A tropical cyclone taking shape between Mozambique and Madagascar will pose a growing threat of damaging wind and flooding rain this week.
Coastal areas, both of Mozambique and Madagascar, could feel the direct impact of a tropical cyclone landfall between Wednesday and Sunday.
The weather system was already named "Irina" as of Sunday by the Tropical Cyclone Center of Reunion, but the Joint Typhoon Warning Center were not yet referring to it as such.
As of Tuesday, the weather system was merely a tropical low, straddling the coast of northwestern Madagascar, but an environment favorable for cyclone formation lay off shore.
Potential tropical cyclone paths would be towards the south and southwest over the Mozambique Channel.
The speed and extent of storm intensification will hinge upon the system's path, an open-water track favoring substantial strengthening.
Some forecast tools accessed by AccuWeather.com meteorologists indicate that a strong and potentially dangerous storm will take shape at sea late in the week.
This tropical cyclone season in the southwestern Indian Ocean has been busy with costly storm aftermaths in both Madagascar and Mozambique.
Cold air and flurries are in store for the New Hampshire primary on Tuesday but should not significantly impact voter turnout.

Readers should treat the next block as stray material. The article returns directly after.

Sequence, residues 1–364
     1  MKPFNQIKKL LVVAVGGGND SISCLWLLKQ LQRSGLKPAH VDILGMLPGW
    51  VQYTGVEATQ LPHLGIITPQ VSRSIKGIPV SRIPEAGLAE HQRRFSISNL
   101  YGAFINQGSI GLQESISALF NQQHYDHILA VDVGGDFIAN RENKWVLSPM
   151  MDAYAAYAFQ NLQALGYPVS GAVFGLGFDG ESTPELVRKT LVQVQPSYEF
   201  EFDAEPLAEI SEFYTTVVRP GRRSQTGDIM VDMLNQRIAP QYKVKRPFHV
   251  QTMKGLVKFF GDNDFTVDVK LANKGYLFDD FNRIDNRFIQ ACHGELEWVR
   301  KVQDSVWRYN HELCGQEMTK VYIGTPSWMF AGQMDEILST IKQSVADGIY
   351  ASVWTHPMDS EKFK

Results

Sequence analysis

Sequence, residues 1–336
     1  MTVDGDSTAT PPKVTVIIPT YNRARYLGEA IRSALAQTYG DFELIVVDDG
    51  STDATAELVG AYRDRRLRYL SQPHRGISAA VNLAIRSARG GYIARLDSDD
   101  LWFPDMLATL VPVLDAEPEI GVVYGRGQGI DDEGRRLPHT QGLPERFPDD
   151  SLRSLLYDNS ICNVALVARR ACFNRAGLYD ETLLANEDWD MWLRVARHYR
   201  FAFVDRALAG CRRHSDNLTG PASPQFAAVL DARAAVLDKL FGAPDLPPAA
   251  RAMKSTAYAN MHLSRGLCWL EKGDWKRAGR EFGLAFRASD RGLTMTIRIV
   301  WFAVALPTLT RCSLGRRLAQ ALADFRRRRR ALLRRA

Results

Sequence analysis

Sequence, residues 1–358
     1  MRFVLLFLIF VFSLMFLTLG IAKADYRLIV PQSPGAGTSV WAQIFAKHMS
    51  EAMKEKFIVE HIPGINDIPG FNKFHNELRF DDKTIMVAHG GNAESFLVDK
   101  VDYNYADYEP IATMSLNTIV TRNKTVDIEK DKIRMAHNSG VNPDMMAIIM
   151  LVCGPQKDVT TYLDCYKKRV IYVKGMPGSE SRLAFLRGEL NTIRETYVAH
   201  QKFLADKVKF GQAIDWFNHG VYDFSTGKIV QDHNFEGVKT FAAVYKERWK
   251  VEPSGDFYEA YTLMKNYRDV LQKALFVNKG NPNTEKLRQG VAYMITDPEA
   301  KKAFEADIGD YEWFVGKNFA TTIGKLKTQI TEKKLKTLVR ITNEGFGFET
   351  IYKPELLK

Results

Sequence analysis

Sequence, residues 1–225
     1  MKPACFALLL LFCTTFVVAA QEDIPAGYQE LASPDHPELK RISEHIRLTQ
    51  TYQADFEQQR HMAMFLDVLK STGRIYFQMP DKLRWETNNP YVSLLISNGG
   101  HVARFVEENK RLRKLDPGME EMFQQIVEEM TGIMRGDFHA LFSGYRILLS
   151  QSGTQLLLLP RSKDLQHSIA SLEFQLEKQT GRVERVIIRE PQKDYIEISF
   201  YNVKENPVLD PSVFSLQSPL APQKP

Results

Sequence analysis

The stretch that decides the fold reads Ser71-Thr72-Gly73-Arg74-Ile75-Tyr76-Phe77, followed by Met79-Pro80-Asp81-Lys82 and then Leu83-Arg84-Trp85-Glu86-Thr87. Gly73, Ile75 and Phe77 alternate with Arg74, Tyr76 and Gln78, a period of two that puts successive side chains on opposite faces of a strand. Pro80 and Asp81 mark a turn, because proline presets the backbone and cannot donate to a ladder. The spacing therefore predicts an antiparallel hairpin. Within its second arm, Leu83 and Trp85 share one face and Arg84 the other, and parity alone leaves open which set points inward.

Snow and slippery travel will arrive in the mid-Atlantic states prior to the middle of the week.
Waves of arctic air invading the eastern half of the United States this week will culminate with the coldest weather of the season so far for some areas by the Valentine's Day weekend.
Rounds of snow and slippery travel this week around Boston will be followed by the coldest air of the season so far for the Valentine's Day weekend.
Chilly air will visit New Orleans this year for the annual Mardi Gras celebrations and linger over the city until later in the week.
Arctic air will blow across the Cleveland area during the second half of the week and into the weekend, making for the longest sustained cold wave that the city has seen since last winter.
New England (1741)
Greatest snow of Hard Winter 1740/1741: 3ft near Hartford.
Washington, D.C. (1870)
President Grant signed a measure establishing a Federal meteorological service; later assigned to Signal Corps, U.S. Army. Riverside Ranger Station 1933 -66 deg., U.S. record for Feb. (48 states). Yellowstone Park
Stillwater Reservoir, NY (1934)
State record low temperature -52 degrees.